Excerpt: Preservatives are added to many final products, such as detergents, cosmetics, pharmaceuticals and vaccines. We conducted an in vitro investigation of the apoptosis- and necrosis-inducing potential of brief applications (10 min) of four common preservatives: ethylene glycol monophenyl ether, 2-phenoxyethanol (EGPE), imidazolidinyl urea (IMU), a mixture of 5-chloro-2-methyl-4-isothiazolin-3-one and 2-methyl-4-isothiazolin-3-one (CMI/MI), and 1,2-pentanediol, a "preservative-non-preservative" best known as pentylene glycol. Externalization of PS, a hallmark of apoptosis, occurred early in HL60 treated with low concentrations of CMI/MI and EGPE and was concomitant with the subdiploid peak in HL60 treated with PG. However, it did not occur in HL60 treated with IMU. In conclusion, at appropriate concentrations, each of the four preservatives modulates the apoptotic machinery by a caspase-dependent mechanism. Thus, apoptosis could be a good parameter to evaluate the cytoxicity of these chemical compounds.

Ulrich Mußhoff, Michael Madeja, Effects of 2-phenoxyethanol on N-methyl-d-aspartate (NMDA) receptor-mediated ion currents, Analytics of Toxicology, Volume 73, Number 1 / March, 1999, pages 55-59

Excerpt: Most of the 17 glycol ethers exerted no effects on the glutamate subreceptors activated by kainate and N-methyl-d-aspartate (NMDA), whereas 2-phenoxyethanol (ethylene glycol monophenyl ether) caused a considerable reduction of NMDA-induced membrane currents in a reversible and concentration-dependent manner. The results indicate a neurotoxic potential for 2-phenoxyethanol.

Johanson G., Toxicity review of ethylene glycol monomethyl ether and its acetate ester, Crit Rev Toxicol. 2000 May;30(3):307-45.

Starek A, Szabla J. [Ethylene glycol alkyl ethers--the substances noxious to health], Med Pr. 2008;59(2):179-85.

Excerpt: Ethylene glycol alkyl ethers (EGAE), 2-methoxyethanol, 2-ethoxyethanol, 2-isopropoxyethanol, and 2-butoxyethanol, are widely used in a variety of industrial and household products. They are found in a number of paints, varnishes, engine fuels, hydraulic fluids, and also in many household products, including floor polishes and glass, leather, and upholstery cleaners. Human and animal studies have shown that EGAE can cause adverse reproductive, developmental, and hematological effects. The oxidation of these chemicals to appropriate aldehydes and alkoxyacetic acids is responsible for their toxic effects. The central nervous system, blood and blood-forming organs, and reproduction are the targets in acute and chronic intoxications with EGAE. Data on exposure, metabolism, biomonitoring, and toxic effects ofEGAE, especially those on hematological disorders in human and laboratory animals are presented in this paper.

Holladay SD, Comment CE, Fetal hematopoietic alterations after maternal exposure to ethylene glycol monomethyl ether: prolymphoid cell targeting, Toxicol Appl Pharmacol. 1994 Nov;129(1):53-60.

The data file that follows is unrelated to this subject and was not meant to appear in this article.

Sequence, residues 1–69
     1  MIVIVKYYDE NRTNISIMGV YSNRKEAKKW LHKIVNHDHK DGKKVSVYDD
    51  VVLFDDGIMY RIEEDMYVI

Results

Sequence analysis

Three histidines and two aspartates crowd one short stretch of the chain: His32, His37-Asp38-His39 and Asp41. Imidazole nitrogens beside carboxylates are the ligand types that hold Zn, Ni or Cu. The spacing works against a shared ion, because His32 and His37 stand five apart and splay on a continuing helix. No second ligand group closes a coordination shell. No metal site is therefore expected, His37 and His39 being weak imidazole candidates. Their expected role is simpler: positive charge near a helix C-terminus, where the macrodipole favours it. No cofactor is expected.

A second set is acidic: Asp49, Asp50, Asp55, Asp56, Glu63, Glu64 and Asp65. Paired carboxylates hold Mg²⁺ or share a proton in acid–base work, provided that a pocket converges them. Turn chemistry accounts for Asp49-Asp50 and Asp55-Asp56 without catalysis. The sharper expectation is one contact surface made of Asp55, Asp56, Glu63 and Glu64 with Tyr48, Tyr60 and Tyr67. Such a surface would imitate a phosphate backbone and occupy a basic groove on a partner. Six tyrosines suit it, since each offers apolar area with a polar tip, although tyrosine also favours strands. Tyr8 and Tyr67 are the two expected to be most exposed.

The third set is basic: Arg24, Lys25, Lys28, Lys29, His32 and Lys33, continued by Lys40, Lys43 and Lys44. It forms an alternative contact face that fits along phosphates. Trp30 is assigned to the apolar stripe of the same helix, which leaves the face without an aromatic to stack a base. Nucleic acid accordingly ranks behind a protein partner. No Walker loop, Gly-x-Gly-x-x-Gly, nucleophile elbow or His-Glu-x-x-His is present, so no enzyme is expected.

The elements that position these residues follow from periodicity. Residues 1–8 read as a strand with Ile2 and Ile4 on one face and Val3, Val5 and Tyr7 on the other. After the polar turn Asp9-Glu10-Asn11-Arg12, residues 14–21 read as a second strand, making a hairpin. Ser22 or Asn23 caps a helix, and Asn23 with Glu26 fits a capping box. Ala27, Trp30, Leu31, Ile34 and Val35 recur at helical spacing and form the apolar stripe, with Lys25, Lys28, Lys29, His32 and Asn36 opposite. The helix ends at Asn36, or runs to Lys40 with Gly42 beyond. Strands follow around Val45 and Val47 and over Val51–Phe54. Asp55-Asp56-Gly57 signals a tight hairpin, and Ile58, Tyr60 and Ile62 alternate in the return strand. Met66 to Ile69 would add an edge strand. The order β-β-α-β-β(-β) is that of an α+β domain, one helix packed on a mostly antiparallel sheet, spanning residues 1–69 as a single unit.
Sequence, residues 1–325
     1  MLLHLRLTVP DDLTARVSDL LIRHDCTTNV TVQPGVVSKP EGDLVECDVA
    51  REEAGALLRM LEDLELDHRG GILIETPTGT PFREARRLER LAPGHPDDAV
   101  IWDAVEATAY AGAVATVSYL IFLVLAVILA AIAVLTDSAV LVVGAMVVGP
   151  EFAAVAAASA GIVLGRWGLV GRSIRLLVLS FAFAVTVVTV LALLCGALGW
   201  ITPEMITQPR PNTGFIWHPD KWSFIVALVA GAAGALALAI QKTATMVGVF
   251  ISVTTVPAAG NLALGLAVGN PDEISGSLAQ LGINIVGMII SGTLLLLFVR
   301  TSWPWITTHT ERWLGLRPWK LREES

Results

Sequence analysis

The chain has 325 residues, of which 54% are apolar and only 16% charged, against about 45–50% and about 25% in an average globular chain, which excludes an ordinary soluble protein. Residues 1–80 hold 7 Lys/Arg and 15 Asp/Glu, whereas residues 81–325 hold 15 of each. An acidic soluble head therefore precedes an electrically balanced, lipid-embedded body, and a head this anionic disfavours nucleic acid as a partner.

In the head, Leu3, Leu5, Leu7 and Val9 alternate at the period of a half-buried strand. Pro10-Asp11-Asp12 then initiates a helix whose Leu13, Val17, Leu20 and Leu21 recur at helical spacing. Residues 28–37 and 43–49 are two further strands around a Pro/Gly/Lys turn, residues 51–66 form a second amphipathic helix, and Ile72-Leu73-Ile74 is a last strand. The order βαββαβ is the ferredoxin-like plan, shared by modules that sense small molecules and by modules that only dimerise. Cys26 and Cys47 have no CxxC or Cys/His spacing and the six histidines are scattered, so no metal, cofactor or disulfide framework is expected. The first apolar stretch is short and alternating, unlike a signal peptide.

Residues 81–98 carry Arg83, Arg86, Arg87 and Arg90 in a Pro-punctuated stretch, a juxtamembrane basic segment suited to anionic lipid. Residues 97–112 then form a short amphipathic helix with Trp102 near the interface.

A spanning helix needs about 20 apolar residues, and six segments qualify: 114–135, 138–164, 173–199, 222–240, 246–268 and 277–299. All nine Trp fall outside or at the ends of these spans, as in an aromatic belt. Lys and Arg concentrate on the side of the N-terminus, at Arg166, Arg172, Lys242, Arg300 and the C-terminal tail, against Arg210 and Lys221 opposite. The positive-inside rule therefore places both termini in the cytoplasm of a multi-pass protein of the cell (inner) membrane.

Excerpt: Ethylene glycol monomethyl ether (EGME), which is extensively used in the chemical industries, has been associated with hematologic disorders in both humans and experimental animals. EGME is metabolized to the active compound methoxy-acetic acid (MAA), which readily crosses the placenta and impairs fetal development. However, little is known about the effect of maternal EGME exposure on the development of fetal immunity. In the present report, in utero treatment with EGME was found to alter expression of murine thymocyte and liver fetal cell-surface markers. These data suggest that EGME, in addition to producing thymic hypocellularity, may inhibit thymocyte maturation. EGME also reduced the percentage of CD45+ leukocytic cells present in fetal liver, an alteration that appeared to be largely manifested by decreased numbers of CD45R+ and CD44dim prolymphoid cells. In vitro MAA exposure of fetal liver cells enriched for lymphoid precursors resulted in significant inhibition of proliferation. Reconstitution of irradiated hosts with gd 18 fetal liver cells from vehicle and EGME-exposed syngeneic donors demonstrated impaired ability of the EGME-treated fetal liver to repopulate the host spleen with B or T lymphocytes. These data suggest that EGME-induced immunosuppression may result from targeting of multiple hematopoietic compartments. Further, the present data indicate that fetal liver prolymphocytes may represent sensitive targets of EGME exposure.

G. Schmuk, W. Steffens, 2-Phenoxyethanol: a neurotoxicant?, Archives of Toxicology, Volume 74, Numbers 4-5 / July, 2000, pages 281-283

Bagchi G, Waxman DJ., Toxicity of ethylene glycol monomethyl ether: impact on testicular gene expression., Int J Androl. 2008 Apr;31(2):269-74.

Wang W, Chapin RE., Differential gene expression detected by suppression subtractive hybridization in the ethylene glycol monomethyl ether-induced testicular lesion., Toxicol Sci. 2000 Jul;56(1):165-74.

Browning RG, Curry SC. Clinical toxicology of ethylene glycol monoalkyl ethers, Hum Exp Toxicol. 1994 May;13(5):325-35.

Chemical Descriptions:United States National Library of Medicine: PubChem